Yet Mr. Manchin’s unique ability to survive in West Virginia is the last vestige of the state’s once-reliable New Deal Democratic tradition, dating to old industrial-era fights over workers’ wages, rights and safety. It was one of the most reliably Democratic states of the second half of the 20th century, voting in defeat for Adlai Stevenson in 1952, Hubert Humphrey, Jimmy Carter in 1980 and Michael Dukakis. The so-called Republican “Southern strategy” yielded no inroads there.
But Democrats began to lose their grip on the state during the 1990s, at least at the presidential level.
The Biden administration on Tuesday planned to issue several actions aimed at addressing supply chain disruptions caused by the coronavirus pandemic and reduce reliance on foreign countries for crucial goods by increasing domestic production capacity.
White House officials said the administration had created a task force that would “tackle near-term bottlenecks” in construction, transportation, semiconductor production and agriculture, in a call on Monday evening detailing the plan to reporters.
The officials also outlined steps that had been taken to address an executive order from President Biden that required a review of critical supply chains in four product areas where the United States relies on imports: semiconductors, high-capacity batteries, pharmaceuticals and their active ingredients, and critical minerals and strategic materials, like rare earths.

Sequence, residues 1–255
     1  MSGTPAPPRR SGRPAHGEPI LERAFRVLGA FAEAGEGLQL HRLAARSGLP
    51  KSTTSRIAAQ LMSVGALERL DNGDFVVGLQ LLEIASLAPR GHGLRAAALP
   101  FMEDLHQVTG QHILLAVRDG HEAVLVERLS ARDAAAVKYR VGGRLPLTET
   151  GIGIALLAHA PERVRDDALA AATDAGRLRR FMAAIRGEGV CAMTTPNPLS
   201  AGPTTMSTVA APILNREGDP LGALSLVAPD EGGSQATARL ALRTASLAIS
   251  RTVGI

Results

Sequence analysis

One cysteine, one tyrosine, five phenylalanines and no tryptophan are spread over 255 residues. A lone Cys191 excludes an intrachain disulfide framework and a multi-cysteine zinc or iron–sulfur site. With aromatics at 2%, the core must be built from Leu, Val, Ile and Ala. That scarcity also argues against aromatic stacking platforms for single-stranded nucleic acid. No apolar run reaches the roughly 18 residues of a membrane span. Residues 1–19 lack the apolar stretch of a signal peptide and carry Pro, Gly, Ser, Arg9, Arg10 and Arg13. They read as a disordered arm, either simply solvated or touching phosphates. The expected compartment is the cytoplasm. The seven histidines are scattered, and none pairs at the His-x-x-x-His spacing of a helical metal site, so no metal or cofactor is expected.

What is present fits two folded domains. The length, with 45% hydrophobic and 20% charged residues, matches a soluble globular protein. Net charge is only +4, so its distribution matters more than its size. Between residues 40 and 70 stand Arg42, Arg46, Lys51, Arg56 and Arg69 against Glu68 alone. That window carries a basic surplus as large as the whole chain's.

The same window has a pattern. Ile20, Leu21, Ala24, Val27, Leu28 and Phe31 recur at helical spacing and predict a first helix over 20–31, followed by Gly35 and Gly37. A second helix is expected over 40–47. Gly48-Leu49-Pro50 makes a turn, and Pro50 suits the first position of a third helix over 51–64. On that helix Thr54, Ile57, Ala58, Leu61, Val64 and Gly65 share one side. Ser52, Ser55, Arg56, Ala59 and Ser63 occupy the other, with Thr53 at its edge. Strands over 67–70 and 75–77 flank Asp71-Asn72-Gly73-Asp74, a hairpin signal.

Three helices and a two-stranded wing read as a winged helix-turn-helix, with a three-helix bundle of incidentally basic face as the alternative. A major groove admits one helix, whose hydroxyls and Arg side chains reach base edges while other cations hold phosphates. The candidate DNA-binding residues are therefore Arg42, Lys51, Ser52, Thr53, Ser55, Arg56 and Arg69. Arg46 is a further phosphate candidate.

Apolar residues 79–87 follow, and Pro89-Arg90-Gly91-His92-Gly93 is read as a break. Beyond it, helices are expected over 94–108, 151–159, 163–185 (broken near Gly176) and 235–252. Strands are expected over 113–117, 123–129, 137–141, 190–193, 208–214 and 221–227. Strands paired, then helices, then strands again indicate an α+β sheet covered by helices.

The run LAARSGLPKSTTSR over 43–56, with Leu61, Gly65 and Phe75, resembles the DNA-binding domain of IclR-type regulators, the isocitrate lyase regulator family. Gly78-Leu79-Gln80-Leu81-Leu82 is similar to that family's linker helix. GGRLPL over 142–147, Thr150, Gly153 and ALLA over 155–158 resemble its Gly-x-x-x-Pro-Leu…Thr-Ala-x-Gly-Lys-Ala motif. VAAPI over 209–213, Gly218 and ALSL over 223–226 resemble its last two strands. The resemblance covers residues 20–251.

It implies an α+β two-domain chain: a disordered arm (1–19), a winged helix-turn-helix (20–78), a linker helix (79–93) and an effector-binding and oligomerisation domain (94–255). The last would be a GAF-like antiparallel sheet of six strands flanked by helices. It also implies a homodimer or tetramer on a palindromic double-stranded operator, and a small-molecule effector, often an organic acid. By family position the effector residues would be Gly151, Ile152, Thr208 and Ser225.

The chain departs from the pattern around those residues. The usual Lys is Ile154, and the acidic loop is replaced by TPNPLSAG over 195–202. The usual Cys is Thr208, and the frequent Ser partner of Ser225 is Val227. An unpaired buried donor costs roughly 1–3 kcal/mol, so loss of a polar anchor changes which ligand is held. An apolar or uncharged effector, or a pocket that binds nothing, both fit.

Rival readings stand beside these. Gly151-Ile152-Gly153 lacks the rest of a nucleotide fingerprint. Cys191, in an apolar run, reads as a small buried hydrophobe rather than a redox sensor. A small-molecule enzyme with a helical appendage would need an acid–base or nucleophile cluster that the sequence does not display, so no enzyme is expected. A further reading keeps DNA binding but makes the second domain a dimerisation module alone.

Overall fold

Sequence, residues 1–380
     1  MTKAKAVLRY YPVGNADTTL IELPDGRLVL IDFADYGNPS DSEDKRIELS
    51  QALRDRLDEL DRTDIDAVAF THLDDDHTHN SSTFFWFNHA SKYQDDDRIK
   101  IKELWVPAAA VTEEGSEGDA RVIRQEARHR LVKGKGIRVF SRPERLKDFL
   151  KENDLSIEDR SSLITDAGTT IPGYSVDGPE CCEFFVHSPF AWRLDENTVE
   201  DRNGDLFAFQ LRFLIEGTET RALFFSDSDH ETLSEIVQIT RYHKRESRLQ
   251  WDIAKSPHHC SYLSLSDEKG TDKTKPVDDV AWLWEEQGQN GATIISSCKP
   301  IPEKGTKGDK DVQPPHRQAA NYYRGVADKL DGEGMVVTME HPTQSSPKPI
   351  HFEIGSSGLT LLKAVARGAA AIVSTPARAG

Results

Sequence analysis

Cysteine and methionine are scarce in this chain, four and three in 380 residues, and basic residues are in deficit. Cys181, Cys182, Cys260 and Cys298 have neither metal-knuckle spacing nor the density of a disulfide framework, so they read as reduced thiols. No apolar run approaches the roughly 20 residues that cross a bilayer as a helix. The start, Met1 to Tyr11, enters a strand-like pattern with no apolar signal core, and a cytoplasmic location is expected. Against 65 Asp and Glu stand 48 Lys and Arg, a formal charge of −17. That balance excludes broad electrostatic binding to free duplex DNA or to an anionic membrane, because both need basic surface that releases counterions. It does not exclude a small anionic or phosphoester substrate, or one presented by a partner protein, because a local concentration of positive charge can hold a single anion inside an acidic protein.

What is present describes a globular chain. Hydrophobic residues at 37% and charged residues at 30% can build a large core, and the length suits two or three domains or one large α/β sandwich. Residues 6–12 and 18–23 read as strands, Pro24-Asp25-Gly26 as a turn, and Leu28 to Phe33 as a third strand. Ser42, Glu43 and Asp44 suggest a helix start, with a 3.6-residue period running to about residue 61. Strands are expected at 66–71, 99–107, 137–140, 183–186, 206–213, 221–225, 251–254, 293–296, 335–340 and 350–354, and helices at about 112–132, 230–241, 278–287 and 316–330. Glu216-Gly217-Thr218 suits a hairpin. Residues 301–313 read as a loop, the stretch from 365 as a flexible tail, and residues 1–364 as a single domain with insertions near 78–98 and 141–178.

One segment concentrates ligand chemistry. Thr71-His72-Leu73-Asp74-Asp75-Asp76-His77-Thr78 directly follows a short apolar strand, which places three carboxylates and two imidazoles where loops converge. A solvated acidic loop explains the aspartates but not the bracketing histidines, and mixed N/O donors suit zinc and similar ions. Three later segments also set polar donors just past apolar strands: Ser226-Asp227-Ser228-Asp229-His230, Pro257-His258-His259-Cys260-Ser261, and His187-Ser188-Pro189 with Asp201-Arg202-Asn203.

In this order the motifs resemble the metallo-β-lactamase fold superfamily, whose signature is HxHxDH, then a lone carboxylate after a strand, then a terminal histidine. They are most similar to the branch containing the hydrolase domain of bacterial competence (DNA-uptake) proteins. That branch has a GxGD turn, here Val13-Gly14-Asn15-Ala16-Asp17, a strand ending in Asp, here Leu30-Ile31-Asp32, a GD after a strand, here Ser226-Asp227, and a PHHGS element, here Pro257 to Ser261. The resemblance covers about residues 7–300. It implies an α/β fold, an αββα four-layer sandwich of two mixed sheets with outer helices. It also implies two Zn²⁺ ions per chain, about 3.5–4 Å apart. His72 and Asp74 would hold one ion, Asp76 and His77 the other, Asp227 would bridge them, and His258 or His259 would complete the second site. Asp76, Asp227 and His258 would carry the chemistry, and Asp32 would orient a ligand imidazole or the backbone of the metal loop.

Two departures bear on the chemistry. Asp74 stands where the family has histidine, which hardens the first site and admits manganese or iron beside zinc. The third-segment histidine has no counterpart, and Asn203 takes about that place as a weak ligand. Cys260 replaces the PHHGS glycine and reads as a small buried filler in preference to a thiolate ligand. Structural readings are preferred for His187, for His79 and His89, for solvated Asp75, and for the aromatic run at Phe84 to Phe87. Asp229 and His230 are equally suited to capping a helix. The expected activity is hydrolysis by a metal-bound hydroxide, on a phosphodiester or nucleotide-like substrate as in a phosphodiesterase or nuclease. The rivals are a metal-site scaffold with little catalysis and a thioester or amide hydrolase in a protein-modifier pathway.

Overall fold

“This is about making sure the United States can meet every challenge we face in the new era,” Mr. Biden said in February, when he signed the order.
The move was intended to address concerns about supply chain resiliency and long-term competition with China.
The Department of Health and Human Services, for instance, will use $60 million from the $1.9 trillion coronavirus relief bill to develop technologies to increase domestic production of active ingredients in key pharmaceuticals. The Interior Department will work to identify sites where critical minerals could be produced in the United States. And several agencies will work on creating supply chains for new technologies that will reduce reliance on imports of key materials.
The Biden administration also signaled that it was prepared to use trade policy to bolster domestic supplies of key minerals and components. As part of that effort, the Office of the United States Trade Representative said it would establish a so-called strike force that could propose actions against overseas companies deemed to be engaged in unfair trade practices.